When this chart was made, Spain was nominally in control of the peninsula, although it was surrounded by the British to the north, in Georgia, and to the west, by New France, and faced rebellion within from local indigenous peoples. A quarter century after the chart was made, in 1763, Spain lost Florida in exchange for the return of Havana, Cuba, which had been taken during the Seven Years’ War. The land was returned to Spain at the close of the American Revolution, but Spain then ceded the land to the United States in 1821.

The chart also shows the powerhouses of the French empire in the eighteenth century, although this particular imperial geography was on the verge of changing when the chart was released. West of New England is the large label, “Nouvelle France.” Along with Newfoundland, this was the edge of the expansive French claims which extended far into the interior of the continent. To the south is Saint Domingue, the richest of the Caribbean islands. France also had numerous trade entrepots throughout the African coast.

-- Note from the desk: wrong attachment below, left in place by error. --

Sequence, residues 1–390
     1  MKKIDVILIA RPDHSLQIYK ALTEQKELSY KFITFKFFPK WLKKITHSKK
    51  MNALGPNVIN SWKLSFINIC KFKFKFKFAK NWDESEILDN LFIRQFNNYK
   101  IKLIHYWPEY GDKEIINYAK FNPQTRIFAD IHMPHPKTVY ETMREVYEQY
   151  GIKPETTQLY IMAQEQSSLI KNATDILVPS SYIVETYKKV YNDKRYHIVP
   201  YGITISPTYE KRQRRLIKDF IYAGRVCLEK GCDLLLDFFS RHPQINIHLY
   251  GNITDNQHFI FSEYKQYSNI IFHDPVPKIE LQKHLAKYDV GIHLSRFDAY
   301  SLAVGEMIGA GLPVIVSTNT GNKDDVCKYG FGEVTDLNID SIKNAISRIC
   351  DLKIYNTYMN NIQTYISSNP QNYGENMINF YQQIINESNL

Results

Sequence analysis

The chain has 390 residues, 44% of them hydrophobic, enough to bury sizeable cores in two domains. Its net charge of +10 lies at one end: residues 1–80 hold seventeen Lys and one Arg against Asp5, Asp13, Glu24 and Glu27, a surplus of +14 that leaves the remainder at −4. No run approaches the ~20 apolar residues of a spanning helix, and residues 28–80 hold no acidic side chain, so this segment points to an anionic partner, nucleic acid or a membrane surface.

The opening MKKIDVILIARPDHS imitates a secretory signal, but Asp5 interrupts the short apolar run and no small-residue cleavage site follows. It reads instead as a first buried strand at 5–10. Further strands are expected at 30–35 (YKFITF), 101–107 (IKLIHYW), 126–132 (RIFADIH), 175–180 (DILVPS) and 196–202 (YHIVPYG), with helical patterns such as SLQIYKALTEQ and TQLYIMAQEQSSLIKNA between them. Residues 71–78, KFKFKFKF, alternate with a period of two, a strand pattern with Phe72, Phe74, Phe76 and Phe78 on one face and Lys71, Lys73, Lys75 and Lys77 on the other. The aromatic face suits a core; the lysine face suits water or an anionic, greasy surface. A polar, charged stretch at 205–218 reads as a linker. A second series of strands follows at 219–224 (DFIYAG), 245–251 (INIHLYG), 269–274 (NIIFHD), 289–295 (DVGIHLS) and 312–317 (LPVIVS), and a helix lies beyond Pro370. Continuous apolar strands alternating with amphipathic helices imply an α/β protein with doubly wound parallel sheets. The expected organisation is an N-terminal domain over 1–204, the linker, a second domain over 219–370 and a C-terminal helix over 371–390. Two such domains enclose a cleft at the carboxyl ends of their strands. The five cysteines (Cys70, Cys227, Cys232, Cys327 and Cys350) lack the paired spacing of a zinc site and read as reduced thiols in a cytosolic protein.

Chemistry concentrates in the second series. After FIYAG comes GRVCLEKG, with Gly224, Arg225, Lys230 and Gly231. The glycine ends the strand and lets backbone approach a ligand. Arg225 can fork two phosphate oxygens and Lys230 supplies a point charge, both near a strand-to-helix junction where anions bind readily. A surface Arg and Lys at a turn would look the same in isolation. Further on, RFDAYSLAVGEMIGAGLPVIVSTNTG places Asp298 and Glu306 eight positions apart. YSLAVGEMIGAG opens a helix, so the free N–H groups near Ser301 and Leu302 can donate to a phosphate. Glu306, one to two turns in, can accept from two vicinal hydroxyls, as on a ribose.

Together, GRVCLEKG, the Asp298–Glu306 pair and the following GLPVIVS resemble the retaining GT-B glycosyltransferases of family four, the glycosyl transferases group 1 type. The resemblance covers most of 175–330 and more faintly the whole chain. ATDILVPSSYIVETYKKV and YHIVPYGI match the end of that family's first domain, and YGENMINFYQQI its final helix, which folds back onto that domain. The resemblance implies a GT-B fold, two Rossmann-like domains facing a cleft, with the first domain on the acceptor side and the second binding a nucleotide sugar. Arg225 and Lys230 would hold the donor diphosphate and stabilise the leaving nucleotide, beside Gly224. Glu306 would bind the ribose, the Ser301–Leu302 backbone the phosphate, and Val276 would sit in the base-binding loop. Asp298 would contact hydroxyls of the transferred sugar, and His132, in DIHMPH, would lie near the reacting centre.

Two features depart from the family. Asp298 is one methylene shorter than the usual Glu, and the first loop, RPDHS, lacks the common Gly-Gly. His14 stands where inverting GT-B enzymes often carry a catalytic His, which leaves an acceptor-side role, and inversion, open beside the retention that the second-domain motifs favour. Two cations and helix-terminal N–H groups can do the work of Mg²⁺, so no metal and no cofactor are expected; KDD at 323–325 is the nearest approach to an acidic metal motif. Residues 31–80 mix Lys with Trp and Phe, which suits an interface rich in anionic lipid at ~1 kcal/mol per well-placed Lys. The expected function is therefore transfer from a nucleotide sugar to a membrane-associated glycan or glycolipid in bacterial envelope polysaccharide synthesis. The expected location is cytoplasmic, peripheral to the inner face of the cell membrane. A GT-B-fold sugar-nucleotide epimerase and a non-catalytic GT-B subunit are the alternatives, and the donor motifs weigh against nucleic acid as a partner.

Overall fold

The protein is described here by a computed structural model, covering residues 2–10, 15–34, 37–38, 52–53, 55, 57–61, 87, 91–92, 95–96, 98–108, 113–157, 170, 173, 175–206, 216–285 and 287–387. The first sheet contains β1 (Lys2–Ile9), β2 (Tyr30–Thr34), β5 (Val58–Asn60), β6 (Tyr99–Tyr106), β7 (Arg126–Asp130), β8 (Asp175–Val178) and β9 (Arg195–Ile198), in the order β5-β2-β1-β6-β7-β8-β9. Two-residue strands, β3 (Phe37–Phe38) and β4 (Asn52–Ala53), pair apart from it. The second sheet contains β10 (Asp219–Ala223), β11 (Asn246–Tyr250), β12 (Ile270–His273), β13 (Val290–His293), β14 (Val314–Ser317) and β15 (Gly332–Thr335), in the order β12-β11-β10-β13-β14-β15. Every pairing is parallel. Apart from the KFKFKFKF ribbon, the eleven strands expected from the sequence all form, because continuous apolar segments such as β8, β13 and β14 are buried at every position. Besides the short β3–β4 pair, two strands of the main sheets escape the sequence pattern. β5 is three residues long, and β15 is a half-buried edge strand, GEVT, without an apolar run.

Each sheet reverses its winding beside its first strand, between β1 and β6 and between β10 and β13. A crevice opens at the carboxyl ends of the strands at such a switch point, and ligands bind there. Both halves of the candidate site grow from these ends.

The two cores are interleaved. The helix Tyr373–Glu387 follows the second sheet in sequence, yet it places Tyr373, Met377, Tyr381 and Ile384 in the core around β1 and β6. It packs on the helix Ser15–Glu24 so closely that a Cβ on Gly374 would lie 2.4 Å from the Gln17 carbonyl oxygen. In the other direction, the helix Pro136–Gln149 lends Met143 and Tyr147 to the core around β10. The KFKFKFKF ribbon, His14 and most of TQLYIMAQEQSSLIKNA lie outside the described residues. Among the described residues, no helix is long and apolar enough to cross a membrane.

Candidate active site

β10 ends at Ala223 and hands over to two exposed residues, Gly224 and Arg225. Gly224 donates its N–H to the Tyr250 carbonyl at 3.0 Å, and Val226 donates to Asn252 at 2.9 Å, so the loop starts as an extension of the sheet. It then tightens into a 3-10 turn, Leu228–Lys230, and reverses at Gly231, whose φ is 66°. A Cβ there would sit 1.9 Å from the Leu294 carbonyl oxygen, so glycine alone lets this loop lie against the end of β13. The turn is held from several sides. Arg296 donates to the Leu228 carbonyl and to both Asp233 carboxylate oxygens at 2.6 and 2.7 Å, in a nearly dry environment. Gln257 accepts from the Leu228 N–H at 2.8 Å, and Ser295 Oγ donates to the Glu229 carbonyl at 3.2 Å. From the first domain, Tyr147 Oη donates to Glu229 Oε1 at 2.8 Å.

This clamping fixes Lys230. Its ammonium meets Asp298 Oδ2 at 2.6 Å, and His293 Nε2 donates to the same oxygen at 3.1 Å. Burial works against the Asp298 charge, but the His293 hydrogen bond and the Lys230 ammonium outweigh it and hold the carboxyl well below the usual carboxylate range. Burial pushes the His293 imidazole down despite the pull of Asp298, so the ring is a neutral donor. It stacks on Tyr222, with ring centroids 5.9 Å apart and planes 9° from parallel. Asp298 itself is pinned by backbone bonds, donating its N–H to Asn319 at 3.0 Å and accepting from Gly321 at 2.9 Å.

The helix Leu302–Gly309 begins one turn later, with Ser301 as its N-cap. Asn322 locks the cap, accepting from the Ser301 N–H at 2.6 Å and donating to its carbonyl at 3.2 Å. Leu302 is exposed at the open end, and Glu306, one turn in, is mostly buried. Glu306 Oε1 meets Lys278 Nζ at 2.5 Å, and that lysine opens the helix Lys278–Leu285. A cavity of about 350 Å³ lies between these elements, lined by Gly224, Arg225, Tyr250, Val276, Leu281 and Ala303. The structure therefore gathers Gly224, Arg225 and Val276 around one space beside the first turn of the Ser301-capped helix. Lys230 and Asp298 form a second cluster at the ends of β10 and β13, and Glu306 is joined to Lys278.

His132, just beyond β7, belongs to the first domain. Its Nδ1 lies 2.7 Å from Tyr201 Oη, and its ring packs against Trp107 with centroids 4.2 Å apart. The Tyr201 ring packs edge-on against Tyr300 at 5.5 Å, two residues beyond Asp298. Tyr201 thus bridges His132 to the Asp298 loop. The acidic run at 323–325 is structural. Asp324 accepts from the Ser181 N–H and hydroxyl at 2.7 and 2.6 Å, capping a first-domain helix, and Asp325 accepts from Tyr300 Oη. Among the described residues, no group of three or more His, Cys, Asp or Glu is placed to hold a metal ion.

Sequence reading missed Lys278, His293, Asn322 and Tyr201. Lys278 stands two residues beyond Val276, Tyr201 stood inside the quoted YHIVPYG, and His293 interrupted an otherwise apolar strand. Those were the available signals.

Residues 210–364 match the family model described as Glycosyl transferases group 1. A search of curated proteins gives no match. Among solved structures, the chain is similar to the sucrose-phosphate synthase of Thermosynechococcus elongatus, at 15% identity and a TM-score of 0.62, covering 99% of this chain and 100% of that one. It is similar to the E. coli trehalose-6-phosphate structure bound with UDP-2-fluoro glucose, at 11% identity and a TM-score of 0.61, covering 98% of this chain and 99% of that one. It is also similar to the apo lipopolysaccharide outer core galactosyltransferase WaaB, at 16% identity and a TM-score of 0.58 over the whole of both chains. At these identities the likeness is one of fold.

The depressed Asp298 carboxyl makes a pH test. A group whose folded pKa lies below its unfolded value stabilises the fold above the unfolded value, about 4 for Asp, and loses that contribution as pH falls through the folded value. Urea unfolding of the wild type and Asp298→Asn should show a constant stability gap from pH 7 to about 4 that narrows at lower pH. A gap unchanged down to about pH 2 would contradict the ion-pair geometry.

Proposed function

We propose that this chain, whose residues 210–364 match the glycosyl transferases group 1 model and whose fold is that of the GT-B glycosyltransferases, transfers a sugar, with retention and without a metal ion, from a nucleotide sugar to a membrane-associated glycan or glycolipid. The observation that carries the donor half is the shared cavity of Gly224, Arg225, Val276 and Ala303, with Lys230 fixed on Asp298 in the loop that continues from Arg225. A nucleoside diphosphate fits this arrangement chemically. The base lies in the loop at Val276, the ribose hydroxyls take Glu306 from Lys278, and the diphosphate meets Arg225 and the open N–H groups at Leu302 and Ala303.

Just as Florida switched hands several times, so too did the control of the French colonies. New France was lost when the British defeated France in the Seven Years’ War, while Saint Domingue witnessed the Haitian Revolution, the world’s most successful slave rebellion, at the turn of the nineteenth century. However, and despite a brief period of abolition between 1794 and 1802, slavery continued to be practiced in the French Empire until 1848. At the time this chart was made, African peoples were still being transported across the very waters shown here and placed in bondage to labor in the plantations of the Caribbean and New France.   

Production and rarity

The chart was engraved in Paris by Guillaume Dhueulland (1700-1770) and issued by order of Jean-Frédéric Phélypeaux Maurepas (Comte de, 1701-1781). Maurepas was a trained statesman and served as Ministre de la Marine to Louis XV from 1723 to 1749. Under his watch, Maurepas rejuvenated and strengthened the French Navy. One of his particular goals was to improve navigation and he achieved this by overseeing and expanding the Dépôt des cartes et plans de la Marine, who made this chart.